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Beyond Phase I Requirements for Affordable Housing Developments

So, you need to complete a Phase I Environmental Site Assessment (ESA) for your affordable housing development, substantial rehabilitation, or Tax Credit applications? Most know that the standard scope of a Phase I ESA includes a review of readily available historical and regulatory information, a site reconnaissance, interviews, and may also include a review of other business risk items. This seems straightforward, but what else is needed? Applying for financing for an affordable housing project can be much more complicated. Proactively planning for and understanding the environmental considerations related to financing your affordable housing development can help mitigate risks and increase the success of your project.

Wetlands, cultural and historical resources, noise? These are things that can derail or delay your financing if not identified early in the process. What about floodplains, explosive and flammable substances, endangered species? If the Site is developed you may have to address radon, asbestos, lead-based paint, and mold/moisture issues. Identifying your financing structure, the parties involved, and knowing their environmental requirements are some of the keys to identifying and scoping the appropriate environmental assessment activities.

The United States Department of Housing and Urban Development (HUD) will require a number of additional assessment items above and beyond the standard scope Phase I ESA. The various state housing agencies, such as the Texas Department of Housing and Community Affairs (TDHCA), the Georgia Department of Community Affairs (GADCA), and the Arizona Department of Housing (ADOH) all have similar requirements. To a lesser extent both Freddie Mac and Fannie Mae have requirements that go beyond the scope of a standard Phase I ESA.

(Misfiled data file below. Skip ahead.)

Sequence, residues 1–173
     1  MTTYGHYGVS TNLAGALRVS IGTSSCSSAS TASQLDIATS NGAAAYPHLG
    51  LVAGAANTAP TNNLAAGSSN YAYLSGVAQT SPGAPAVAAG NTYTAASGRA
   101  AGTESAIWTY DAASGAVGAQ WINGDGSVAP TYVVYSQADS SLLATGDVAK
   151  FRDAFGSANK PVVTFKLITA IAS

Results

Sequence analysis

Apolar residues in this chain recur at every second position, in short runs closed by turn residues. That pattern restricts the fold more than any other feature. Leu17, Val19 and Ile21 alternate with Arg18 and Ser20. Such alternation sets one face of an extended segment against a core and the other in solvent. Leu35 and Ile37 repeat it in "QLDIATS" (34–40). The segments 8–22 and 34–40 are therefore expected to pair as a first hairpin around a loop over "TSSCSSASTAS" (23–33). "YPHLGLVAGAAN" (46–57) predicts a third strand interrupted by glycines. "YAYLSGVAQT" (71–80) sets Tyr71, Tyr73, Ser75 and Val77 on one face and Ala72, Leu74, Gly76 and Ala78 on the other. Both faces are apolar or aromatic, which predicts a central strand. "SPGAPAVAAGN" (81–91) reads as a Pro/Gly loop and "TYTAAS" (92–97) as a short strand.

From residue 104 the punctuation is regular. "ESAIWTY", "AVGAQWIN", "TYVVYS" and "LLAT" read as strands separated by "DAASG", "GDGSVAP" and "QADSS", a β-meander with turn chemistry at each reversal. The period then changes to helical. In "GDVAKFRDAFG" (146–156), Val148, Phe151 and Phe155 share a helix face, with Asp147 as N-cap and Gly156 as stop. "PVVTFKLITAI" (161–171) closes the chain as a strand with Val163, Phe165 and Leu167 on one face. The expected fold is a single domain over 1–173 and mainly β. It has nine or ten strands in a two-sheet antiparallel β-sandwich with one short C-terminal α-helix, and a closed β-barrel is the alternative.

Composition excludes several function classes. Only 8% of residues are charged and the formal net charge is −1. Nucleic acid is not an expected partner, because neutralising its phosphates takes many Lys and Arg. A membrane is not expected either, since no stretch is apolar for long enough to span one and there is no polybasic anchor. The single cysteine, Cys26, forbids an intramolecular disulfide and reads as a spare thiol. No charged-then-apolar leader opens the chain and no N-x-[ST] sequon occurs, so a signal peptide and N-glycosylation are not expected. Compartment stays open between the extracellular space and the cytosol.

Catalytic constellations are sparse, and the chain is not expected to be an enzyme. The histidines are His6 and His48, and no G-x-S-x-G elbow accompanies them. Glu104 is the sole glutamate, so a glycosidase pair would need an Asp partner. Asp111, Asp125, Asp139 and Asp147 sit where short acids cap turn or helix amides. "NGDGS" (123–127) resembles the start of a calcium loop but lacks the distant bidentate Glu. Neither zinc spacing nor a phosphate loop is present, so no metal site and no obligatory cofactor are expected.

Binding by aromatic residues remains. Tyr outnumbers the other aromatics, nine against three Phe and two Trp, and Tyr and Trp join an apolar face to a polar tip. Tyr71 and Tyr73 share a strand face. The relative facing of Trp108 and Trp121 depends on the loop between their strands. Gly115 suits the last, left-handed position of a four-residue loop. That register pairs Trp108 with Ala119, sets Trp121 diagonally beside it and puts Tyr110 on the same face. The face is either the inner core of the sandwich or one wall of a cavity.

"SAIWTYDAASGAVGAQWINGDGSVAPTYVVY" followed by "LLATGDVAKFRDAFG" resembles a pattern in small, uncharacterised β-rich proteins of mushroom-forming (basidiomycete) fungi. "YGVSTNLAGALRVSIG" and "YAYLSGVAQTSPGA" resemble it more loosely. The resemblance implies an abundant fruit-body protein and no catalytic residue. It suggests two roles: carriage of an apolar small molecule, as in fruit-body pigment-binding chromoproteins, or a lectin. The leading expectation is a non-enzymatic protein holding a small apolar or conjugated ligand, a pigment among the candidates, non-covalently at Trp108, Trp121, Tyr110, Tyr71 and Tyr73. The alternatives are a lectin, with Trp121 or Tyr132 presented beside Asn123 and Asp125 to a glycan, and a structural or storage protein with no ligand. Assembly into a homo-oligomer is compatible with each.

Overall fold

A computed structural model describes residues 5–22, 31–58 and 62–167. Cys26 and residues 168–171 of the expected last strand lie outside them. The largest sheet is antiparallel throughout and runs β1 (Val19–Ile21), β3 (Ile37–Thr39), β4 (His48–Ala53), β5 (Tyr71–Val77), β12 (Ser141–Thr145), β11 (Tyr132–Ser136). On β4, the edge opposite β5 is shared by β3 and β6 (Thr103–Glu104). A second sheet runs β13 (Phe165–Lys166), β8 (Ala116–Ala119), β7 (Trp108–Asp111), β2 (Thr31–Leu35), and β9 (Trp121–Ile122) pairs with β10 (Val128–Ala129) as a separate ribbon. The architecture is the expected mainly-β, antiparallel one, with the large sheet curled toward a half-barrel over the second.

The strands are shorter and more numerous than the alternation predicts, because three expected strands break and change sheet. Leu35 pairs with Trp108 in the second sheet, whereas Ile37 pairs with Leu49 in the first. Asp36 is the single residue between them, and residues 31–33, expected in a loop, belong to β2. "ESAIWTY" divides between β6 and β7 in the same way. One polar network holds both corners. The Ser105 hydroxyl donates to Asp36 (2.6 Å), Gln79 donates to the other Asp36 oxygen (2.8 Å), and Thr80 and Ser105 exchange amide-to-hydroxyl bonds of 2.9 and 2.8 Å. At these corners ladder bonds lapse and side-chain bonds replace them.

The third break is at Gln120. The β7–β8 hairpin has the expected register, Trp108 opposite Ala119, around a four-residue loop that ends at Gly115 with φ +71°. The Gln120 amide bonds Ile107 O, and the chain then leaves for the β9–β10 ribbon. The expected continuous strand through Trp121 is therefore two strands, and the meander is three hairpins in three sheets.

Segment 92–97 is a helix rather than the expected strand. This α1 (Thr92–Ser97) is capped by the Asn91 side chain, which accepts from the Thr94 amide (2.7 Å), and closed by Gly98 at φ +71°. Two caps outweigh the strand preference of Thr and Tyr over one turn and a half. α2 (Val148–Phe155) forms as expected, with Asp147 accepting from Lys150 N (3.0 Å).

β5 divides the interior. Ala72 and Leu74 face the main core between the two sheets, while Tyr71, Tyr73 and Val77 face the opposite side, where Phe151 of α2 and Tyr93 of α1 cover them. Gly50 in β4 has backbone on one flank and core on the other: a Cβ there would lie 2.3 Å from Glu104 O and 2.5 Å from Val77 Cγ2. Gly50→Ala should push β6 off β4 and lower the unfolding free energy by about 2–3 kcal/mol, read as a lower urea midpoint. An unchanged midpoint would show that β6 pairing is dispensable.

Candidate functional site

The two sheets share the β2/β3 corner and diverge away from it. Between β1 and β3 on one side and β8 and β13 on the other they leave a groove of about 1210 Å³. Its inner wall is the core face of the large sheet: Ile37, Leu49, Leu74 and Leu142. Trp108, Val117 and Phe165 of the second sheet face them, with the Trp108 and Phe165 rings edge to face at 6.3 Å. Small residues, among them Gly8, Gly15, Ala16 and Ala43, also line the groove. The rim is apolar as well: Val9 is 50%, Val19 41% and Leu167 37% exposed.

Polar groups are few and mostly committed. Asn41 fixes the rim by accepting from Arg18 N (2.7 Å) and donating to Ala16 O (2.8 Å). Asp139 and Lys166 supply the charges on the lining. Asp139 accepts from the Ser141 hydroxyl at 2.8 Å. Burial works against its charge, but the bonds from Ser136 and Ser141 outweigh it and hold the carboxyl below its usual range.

Assessment of these additional items will add time and cost to the due diligence process. However, knowing the requirements upfront and adding an experienced consultant to your team that has the resources to assess these items will streamline this process by providing both time and cost savings.

A team including Environmental Professionals; Natural Resource Specialists; Licensed Asbestos, Lead and Radon Inspectors; and others will be invaluable. Furthermore, on a new development project, a team carrying geotechnical engineering capabilities can provide further savings.

Knowing the financing requirements upfront will help borrowers complete the appropriate environmental assessment activities to minimize delays and lower the hurdles for your project. Adding a team with the expertise and resources to effectively address these items will further the potential for successful project outcomes.

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